LATAM Airlines Group continues its fleet consolidation program and recently announced that it had canceled an order for four Boeing 787 and one B777F aircraft. Plus, since the start of the Chapter 11 bankruptcy process, LATAM has rejected the leasing contracts of up to 42 planes. Let’s investigate further.
How’s LATAM’s current order with Boeing?
Before the COVID-19 pandemic, LATAM had an unfilled order for seven Boeing units, according to Boeing’s order book. This order has been reduced by 72% now, following LATAM’s announcement. The airline said,
“On April 29, LATAM and Boeing came to an agreement regarding the acquisition of some B787 and B777 aircraft”.
The agreement effectively ends the order for four B787 and one B777F. Now LATAM only has an unfilled order for two B787-9 which should be delivered by December 2021, said the airline.
The Bankruptcy court still has to approve this latest agreement between Boeing and LATAM.
What about the A350s?
Last month, LATAM Airlines announced the immediate lease rejection of the remaining 11 Airbus A350XWB in its fleet.
The decision to reduce its long-haul fleet by rejecting the leasing contracts of the highly effective A350s was interesting, although not surprising. LATAM is looking for airplane commonality on its long-haul fleet, and the A350 was the odd man out.
The airline said,
“LATAM recently announced the retirement of the A350 aircraft, in an effort to simplify its widebody fleet, composed of the Boeing types 767, 777, and 787.”
Now, LATAM will be able to obtain better results due to having a single OEM long-haul fleet. It will reduce costs in many aspects, like maintenance.
What else has LATAM done, fleet-wise?
The South American company has strongly reduced its fleet in the last year. In fact, it has rejected more leasing contracts than any other of the two Latin American carriers under Chapter 11.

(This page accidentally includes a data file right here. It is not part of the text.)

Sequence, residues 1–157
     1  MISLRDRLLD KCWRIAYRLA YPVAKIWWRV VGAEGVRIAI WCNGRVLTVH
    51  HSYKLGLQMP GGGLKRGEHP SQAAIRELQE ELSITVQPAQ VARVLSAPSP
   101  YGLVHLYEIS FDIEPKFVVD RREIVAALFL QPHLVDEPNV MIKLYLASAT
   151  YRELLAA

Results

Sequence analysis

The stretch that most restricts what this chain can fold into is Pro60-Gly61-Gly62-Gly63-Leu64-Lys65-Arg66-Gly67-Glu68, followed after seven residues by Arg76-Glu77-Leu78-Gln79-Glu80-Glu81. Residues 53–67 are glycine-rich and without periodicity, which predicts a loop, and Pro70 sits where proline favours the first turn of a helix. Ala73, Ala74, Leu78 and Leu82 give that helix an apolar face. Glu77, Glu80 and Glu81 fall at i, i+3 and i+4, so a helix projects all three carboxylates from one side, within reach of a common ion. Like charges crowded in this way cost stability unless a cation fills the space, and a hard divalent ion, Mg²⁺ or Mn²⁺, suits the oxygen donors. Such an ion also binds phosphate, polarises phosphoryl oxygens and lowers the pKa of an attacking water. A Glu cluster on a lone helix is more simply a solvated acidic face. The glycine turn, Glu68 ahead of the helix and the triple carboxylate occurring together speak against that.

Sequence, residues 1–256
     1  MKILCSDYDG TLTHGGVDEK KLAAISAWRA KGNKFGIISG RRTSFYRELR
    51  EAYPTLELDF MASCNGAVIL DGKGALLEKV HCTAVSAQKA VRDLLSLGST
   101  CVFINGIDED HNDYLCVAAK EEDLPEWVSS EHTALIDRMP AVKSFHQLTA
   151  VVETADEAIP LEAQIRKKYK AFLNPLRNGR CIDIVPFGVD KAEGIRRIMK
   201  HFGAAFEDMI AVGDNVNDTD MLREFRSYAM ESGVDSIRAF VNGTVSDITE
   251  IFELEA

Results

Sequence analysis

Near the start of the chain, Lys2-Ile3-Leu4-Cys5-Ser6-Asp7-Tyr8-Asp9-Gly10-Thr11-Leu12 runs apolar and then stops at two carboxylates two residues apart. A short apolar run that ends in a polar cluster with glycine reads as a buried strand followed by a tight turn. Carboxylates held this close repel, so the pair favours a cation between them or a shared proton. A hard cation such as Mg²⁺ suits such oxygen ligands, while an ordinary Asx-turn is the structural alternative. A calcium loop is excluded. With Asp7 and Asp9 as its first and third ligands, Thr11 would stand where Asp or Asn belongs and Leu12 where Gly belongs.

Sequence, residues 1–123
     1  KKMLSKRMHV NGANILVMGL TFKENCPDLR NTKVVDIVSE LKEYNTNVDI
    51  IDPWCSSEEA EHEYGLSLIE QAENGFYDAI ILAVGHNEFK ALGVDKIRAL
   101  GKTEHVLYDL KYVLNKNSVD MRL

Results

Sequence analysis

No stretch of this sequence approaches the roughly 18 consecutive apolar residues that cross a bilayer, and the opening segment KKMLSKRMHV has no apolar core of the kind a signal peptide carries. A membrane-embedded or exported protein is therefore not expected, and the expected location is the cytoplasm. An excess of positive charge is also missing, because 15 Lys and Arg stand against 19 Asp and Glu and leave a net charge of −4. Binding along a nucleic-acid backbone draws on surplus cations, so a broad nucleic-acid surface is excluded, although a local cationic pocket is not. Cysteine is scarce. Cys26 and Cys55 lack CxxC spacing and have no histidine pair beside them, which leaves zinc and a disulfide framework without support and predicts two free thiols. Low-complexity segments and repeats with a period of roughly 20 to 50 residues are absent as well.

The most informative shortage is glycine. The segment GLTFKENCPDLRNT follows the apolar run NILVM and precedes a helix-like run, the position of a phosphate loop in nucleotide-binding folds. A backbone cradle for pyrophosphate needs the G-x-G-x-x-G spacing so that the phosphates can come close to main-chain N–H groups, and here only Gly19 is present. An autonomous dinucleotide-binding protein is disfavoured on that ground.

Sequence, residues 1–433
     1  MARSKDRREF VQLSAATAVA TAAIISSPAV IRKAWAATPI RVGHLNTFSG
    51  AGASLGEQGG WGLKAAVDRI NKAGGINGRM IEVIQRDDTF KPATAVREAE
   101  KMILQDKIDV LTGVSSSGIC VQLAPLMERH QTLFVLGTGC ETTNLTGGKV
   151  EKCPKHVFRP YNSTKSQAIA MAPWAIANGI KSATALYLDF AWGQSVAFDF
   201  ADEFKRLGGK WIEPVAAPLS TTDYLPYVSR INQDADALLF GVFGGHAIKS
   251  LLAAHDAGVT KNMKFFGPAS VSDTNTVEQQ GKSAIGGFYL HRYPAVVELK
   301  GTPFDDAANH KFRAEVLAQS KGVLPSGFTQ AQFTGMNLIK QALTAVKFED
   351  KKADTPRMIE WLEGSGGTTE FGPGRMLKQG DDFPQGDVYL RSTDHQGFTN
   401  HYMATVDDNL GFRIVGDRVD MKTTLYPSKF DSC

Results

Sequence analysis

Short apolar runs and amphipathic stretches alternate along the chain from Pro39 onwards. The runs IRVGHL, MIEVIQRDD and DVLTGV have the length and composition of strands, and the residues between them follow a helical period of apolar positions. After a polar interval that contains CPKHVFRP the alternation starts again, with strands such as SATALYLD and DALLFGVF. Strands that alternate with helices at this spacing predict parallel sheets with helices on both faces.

On December 31, 2019, LATAM had a total fleet of 342 aircraft. Now, this has been reduced to 297, according to its latest financial report.
Looking closely, LATAM’s passenger fleet was 320 aircraft in 2019 and now is composed of 283 units. The cargo fleet is unchanged between both years, 11 Boeing 767-300F (though it may increase in the next two years).
Along its Chapter 11 process, LATAM has rejected the leasing contracts of 31 aircraft. LATAM doesn’t specify how the remaining 14 airplanes exited its fleet; they were likely sold or scrapped. Moreover, we have to clarify that LATAM is still not accounting for the exit of the A350 fleet in this tally. So, in total, LATAM has rejected the leasings for 42 planes.
Most likely than not, LATAM will continue reducing its fleet. Last week, LATAM’s CEO Roberto Alvo said that the current plan is to renovate the short-haul fleet during the next decade. The airline is currently at 25% to 30% of this phase, he added. LATAM is receiving A320neo airplanes while phasing out A320-200s and A321-200s.
A quick look at LATAM’s financial performance
During 2021’s first quarter, LATAM had an income of US$913.2 million. That’s a 61.2% decrease compared to last year due to the impact of the COVID-19 pandemic.
Therefore, LATAM had a net loss of US$430.9 million. The airline ended with total liquidity of US$2.6 billion in cash.
Also, LATAM recently launched its sustainability program for the next three decades. Among the objectives, LATAM aims to ditch single-use plastic by 2023 and landfill waste by 2027.
Did you expect LATAM to reduce its Boeing order? Let us know in the comments.